# Wave Problem -- Total amplitude of fundamental and first three harmonics

• PhysicsMan999
In summary, an acoustic signal with a fundamental frequency of 463 Hz composed of the first three harmonics has a total amplitude of 0.626 at time 0.401 seconds, given the amplitude of the harmonics are 0.100, 0.300, and 0.760 and the phase angles are all set to 0. However, computing the trigonometric functions with such large angles may require more precision for accurate results.

## Homework Statement

1. An acoustic signal is composed of the first three harmonics of a wave of fundamental frequency 463 Hz. If these harmonics are described, in order, by cosine waves with amplitudes of 0.100, 0.300, and 0.760, what is the total amplitude of the signal at time 0.401 seconds? Assume the waves have phase angles θn = 0.

## Homework Equations

F(t)= Sum of Ancos(2nf1t-0n)

## The Attempt at a Solution

I simply plugged in the above values into the equation and got 0.00600897, -0.29783, and -0.136345. No idea where to go from here. Any assistance is appreciated!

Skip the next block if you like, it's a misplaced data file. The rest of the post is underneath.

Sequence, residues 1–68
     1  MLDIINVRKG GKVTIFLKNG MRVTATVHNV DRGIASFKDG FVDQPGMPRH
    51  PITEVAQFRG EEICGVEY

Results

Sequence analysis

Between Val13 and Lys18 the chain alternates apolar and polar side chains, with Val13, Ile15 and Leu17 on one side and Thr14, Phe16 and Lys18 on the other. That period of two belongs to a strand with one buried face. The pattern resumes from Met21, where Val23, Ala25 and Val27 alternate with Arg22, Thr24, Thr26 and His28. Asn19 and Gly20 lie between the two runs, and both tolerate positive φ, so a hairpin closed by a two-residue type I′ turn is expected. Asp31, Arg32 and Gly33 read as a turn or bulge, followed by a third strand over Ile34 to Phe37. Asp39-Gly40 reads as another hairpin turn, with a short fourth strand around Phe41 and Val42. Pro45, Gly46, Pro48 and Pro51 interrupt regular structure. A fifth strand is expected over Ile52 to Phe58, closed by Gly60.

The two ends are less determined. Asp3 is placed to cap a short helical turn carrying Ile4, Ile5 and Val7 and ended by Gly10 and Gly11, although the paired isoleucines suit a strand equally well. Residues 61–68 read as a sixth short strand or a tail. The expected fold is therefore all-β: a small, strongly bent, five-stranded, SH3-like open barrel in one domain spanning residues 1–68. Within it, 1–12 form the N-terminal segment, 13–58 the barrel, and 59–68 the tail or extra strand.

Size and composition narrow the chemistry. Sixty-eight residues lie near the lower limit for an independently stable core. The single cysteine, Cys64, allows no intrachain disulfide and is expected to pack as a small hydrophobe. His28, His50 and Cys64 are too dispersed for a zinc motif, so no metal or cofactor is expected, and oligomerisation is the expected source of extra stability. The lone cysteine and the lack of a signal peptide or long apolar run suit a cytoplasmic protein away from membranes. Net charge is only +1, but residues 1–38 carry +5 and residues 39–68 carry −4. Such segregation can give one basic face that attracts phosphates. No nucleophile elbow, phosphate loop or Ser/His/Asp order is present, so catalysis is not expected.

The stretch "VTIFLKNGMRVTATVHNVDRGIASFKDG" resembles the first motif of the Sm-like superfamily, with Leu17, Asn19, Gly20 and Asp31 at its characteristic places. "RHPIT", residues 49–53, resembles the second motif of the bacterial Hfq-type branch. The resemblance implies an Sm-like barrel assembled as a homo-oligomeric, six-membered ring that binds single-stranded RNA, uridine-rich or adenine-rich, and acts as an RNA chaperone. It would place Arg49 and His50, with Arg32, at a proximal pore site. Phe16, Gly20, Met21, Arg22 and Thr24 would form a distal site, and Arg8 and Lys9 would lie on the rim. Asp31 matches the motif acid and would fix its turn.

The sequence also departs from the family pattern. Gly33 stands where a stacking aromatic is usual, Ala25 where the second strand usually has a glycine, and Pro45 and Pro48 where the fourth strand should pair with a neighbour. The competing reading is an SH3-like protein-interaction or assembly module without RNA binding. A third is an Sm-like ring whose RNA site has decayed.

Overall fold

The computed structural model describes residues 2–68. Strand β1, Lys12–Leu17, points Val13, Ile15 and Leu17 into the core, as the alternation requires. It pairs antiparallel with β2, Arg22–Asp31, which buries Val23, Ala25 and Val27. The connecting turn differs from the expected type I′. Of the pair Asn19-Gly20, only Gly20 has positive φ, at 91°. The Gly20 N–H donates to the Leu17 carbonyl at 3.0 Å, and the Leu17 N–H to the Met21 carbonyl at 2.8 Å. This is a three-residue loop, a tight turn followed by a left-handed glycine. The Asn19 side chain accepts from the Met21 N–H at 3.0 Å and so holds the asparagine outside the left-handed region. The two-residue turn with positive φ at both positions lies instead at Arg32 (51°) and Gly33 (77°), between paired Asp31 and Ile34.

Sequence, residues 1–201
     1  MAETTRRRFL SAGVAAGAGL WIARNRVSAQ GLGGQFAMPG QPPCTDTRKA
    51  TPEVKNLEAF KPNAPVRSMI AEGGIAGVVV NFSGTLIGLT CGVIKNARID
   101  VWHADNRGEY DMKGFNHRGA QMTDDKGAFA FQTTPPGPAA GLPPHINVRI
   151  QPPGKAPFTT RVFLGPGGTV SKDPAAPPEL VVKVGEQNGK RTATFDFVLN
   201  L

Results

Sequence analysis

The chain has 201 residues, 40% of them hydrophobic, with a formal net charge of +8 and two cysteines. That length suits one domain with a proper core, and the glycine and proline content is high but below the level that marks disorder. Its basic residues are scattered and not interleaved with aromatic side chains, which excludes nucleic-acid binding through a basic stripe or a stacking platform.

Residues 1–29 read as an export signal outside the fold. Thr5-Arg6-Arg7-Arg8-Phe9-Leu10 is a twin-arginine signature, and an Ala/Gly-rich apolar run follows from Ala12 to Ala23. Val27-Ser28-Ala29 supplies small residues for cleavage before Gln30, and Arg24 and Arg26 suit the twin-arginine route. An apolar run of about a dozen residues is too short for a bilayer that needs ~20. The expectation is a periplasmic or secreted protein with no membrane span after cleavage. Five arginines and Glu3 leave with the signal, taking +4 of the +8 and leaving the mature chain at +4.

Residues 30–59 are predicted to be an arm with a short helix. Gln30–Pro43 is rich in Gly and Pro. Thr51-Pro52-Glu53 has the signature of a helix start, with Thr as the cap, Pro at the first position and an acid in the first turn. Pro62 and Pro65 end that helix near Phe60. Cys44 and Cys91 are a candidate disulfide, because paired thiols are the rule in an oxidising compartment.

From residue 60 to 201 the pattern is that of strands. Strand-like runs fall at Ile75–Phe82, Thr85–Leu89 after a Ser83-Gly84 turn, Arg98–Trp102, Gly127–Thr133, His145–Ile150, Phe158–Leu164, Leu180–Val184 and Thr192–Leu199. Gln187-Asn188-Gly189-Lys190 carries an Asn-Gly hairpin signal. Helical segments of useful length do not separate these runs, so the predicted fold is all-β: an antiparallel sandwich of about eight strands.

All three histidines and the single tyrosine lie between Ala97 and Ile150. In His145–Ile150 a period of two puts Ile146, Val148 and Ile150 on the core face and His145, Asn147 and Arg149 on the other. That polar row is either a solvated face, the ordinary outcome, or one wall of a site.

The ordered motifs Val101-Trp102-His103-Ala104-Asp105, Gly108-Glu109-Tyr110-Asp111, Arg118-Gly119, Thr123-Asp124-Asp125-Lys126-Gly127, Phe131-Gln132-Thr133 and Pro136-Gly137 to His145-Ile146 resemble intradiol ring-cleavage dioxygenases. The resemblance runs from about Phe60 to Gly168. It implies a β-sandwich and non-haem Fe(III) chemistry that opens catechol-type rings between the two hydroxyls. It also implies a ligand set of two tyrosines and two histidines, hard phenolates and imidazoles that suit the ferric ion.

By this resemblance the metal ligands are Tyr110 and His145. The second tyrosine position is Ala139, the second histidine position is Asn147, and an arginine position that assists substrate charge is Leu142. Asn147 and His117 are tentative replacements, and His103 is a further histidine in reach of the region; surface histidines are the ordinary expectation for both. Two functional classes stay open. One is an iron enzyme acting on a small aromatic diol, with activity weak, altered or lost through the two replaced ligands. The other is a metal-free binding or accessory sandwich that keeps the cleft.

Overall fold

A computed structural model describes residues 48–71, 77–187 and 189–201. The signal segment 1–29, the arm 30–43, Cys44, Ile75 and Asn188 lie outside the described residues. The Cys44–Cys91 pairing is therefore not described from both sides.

PhysicsMan999 said:

## Homework Equations

F(t)= Sum of Ancos(2nf1t-0n)

## The Attempt at a Solution

I simply plugged in the above values into the equation and got 0.00600897, -0.29783, and -0.136345. No idea where to go from here. Any assistance is appreciated!
Not sure how you're getting those numbers. please post full working.

(0.1)*cos(2pi*463*0.401)=0.00600897
(0.300)+cos(4pi*463*0.401)= -0.29783
(0.760)*cos(6pi*463*0.401)= -0.136345

PhysicsMan999 said:
(0.1)*cos(2pi*463*0.401)=0.00600897
(0.300)+cos(4pi*463*0.401)= -0.29783
(0.760)*cos(6pi*463*0.401)= -0.136345
Hmmm...
I plugged (0.1)*cos(2*pi()*463*0.401) into OpenOffice Calc and it gives -0.052.
The trouble with computing trig functions of such large angles is that a lot of precision is needed.
I also tried (0.1)*cos(mod(2*pi()*463*0.401;2*pi())) and got the same result.
(In Excel you need to change the semicolon to a comma.)
What are you using for the calculation?
For the other two harmonics I get -0.14 and +0.76.

PhysicsMan999 said:
(0.1)*cos(2pi*463*0.401)=0.00600897
(0.300)+cos(4pi*463*0.401)= -0.29783
(0.760)*cos(6pi*463*0.401)= -0.136345
Ther argument of the cosine function is in radians, not degrees.
Then your numbers will agree with haruspex's.